I'm always intrigued, when I read this story, at how complex Jesus’ presentation of the gospel is here. It's not a simple presentation. And though there is a place, of course, for the simple presentation of the gospel, but the gospel is always much more complex than that. And here in this narrative John is giving us a glimpse; He's giving us a lesson on evangelism and mission and ministry and how to relate to unbelievers.

There's a seven-fold stage through which this woman seems to pass. In the first place, she comes from a spirit of total alienation. As the story begins, she is standing above Christ, knows better than Christ, and she thinks that she's in control of the conversation. She knows things that He doesn't. And yet she's blind and she cannot see at all. Her intentions are altogether hostile. And then she is brought to a position of apparent curiosity. She is drawn to a state of fascination. How much did this woman make of what Jesus said? Did she understand His presentation of the gospel? He says things that seem almost certain to confuse. And yet, by the ministry of God's Holy Spirit, in the presentation of this message and the outflow of this conversation, this woman's curiosity is engaged.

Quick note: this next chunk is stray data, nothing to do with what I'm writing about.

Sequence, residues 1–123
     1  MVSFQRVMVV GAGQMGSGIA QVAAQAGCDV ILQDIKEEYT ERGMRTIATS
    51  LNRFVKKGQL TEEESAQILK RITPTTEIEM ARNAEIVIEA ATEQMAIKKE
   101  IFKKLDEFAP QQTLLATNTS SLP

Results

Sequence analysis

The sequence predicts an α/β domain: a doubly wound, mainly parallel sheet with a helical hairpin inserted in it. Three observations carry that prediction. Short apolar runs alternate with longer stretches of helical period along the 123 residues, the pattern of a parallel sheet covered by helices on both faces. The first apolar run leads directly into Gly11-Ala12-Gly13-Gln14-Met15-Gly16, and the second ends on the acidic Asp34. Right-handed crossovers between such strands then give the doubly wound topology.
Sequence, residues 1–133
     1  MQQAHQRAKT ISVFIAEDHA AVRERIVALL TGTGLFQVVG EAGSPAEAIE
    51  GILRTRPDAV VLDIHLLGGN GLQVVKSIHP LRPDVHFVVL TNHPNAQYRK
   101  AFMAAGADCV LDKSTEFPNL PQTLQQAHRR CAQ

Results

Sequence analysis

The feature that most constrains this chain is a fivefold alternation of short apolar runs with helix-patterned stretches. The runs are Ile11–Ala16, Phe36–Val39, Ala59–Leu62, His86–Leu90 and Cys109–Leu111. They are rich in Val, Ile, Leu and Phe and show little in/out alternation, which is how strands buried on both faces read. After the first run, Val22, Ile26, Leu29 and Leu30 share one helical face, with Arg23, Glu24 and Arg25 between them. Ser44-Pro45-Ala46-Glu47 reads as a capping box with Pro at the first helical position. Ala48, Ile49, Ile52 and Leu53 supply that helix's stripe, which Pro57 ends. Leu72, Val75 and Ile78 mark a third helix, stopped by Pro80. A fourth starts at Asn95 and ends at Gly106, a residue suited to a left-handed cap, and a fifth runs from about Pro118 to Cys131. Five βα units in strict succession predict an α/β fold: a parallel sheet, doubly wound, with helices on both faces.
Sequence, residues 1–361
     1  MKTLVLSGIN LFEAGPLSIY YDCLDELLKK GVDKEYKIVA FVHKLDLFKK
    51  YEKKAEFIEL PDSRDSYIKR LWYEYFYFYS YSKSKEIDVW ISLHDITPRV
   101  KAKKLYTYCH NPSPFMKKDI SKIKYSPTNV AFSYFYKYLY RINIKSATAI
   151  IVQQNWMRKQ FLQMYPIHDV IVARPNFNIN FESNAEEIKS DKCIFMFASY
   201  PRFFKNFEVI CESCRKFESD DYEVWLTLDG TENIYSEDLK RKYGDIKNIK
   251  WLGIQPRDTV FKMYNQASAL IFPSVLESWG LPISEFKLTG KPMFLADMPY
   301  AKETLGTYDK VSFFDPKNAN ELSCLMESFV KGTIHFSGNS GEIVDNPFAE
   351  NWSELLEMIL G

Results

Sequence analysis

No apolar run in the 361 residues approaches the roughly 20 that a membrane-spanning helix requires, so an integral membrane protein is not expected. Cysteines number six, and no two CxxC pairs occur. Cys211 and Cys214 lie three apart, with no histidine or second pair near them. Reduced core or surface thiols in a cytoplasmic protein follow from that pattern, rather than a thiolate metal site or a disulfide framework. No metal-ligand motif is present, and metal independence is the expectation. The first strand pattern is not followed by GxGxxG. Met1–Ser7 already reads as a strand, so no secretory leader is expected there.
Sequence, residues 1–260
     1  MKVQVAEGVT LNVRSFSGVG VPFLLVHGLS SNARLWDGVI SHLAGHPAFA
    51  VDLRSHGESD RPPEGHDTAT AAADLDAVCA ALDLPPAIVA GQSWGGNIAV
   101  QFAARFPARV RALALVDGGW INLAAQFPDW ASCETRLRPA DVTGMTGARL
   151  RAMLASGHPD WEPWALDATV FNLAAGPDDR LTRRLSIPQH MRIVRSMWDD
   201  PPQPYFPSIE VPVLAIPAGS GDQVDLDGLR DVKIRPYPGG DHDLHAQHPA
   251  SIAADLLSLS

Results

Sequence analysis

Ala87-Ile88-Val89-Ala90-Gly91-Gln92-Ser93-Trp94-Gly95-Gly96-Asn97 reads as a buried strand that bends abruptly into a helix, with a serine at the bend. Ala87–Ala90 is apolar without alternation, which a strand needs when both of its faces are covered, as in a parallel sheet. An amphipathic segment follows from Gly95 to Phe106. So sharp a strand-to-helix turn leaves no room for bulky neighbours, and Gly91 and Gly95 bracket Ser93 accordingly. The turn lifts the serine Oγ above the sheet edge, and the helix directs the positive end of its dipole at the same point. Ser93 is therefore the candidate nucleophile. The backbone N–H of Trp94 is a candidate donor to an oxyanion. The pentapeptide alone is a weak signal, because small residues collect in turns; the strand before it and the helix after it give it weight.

And then, seemingly, a state of confusion, in verse 15 she says, “Sir, give me this water so I will not be thirsty, nor come all the way here to draw.” When she hears Jesus speak about waters of life and waters that if she drinks from, she would never thirst again, and her heart and mind begin to race. And all this drudgery of coming out to the well to draw water and the necessity of it would go away and she asks in her confusion that she might experience this water.

And then comes conviction. “Are you greater that Jacob?” she asked Him. The woman has a vision of Jesus that sees Him merely as a man. That's all she sees. She's like Jacob. But Jacob's well only brought perennial thirst. And the well of Jacob could never satisfy the human heart, and Jesus brings this line of conversation to a radical end. And He knows now that the next touch will light upon the very pain–like a doctor, you know when they press on your stomach because you've got a pain. And they say, “Is it here?” And you say, “No.” “And is it here?” “Yes! It's there.” And Jesus knows now where to touch and it will hurt and He says to her, “Go, call your husband.” And her response is a mixture of conviction and self protection. “I have no husband,” she said. And she has five husbands. And the man she is now with is not her husband, and it suddenly dawns on this woman that Jesus knew things about her that she thought he didn't know.

And there comes a dawning realization that here was one standing before her who knew the deepest secrets of her heart and exposed the sinfulness and the waywardness of her lifestyle. And she begins to grope near the truth, and she says in verse 19, “Sir, I perceive that you are a prophet.” And in all of her confusion, something of the realization that here was a teacher the like of which she had never seen or experienced before. And there's a dawning that finds a fulfillment in Jesus in the words in verse 26. “I who speak to you am He.” That is, the Christ, the Messiah. The one that she had vaguely heard about, the one that she knew the Jews were looking and longing for.